One important characteristic in modern software systems is self-
adaptation, the capability of monitoring and reacting to changes into the environment. A particular case of self-adaptation is affect-driven self- adaptation. Affect-driven self-adaptation involves using sensing devices to measure physiological signals of human affectivestate’s (emotions) changes, learning about the meaning of those changes, and then reacting (self-adapting) in consequence. Affect-driven self-adaptive systems take advantage of brain-computer interfaces, eye-tracking, face-based emotion recognition, and sensors to measure physiological signals.
Systems such as learning environments, health care systems, and videogames are able to take advantage of affect-driven self-adaptive capabilities. Today these capabilities are brittle, costly to change, difficult to reuse, and limited in scope. A software factory approach has been suggested to make feasible adding affective-driven self-adaptive capabilities either into new or existing systems. Software factories capture knowledge of how to produce applications that share common characteristics and make that knowledge available in the form of assets (patterns, model, framework, and tools) and systematically apply those assets to automate development reducing cost and time while improving product quality.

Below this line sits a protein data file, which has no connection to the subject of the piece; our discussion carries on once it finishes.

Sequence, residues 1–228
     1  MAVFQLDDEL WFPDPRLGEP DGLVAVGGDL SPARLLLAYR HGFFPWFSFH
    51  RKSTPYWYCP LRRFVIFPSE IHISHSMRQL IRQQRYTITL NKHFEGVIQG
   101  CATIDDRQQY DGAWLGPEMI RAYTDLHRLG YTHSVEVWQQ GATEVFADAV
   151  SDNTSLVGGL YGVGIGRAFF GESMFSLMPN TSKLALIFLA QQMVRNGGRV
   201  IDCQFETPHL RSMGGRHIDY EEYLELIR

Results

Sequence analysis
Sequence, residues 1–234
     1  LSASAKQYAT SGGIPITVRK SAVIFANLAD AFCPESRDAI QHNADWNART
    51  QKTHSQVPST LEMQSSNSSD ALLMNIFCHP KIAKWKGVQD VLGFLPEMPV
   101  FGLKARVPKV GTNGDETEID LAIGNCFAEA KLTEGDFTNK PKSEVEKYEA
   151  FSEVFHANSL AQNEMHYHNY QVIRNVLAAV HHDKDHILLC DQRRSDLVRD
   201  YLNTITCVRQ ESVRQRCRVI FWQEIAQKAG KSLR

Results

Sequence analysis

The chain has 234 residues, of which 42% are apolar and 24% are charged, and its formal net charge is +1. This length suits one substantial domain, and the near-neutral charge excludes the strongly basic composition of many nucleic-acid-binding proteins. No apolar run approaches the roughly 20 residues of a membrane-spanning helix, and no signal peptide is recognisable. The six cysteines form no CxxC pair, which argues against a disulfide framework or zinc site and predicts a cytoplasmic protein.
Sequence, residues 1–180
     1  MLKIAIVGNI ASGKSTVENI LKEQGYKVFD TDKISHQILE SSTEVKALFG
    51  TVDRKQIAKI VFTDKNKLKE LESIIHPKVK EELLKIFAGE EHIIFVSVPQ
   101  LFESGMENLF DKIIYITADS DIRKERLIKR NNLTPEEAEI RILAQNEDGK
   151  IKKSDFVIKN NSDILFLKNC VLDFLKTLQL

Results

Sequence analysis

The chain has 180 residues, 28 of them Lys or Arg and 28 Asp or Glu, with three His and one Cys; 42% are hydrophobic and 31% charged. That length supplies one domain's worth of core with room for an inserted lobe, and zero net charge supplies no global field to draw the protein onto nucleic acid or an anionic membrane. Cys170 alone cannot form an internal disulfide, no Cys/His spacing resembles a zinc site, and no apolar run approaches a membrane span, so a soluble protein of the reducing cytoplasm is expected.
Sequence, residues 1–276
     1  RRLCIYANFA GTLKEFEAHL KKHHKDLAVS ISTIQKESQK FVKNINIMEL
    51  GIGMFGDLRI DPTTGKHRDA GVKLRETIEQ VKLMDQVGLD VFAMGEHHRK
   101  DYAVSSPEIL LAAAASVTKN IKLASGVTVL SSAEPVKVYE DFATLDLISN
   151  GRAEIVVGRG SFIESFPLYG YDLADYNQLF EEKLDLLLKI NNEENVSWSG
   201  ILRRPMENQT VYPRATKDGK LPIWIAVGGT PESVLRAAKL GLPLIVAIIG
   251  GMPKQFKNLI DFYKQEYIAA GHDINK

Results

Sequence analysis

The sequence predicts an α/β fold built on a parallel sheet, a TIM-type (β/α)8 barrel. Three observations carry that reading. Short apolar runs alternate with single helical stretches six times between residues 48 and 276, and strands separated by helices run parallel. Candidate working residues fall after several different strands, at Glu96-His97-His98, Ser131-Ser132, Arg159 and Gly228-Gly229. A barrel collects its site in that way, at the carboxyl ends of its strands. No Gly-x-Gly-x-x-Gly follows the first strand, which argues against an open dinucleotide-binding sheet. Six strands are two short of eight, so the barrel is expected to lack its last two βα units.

This talk provides a sneak peek of affective-driven self-adaptive capabilities and explores how a software factory approach is used to build affect-driven self-adaptive software.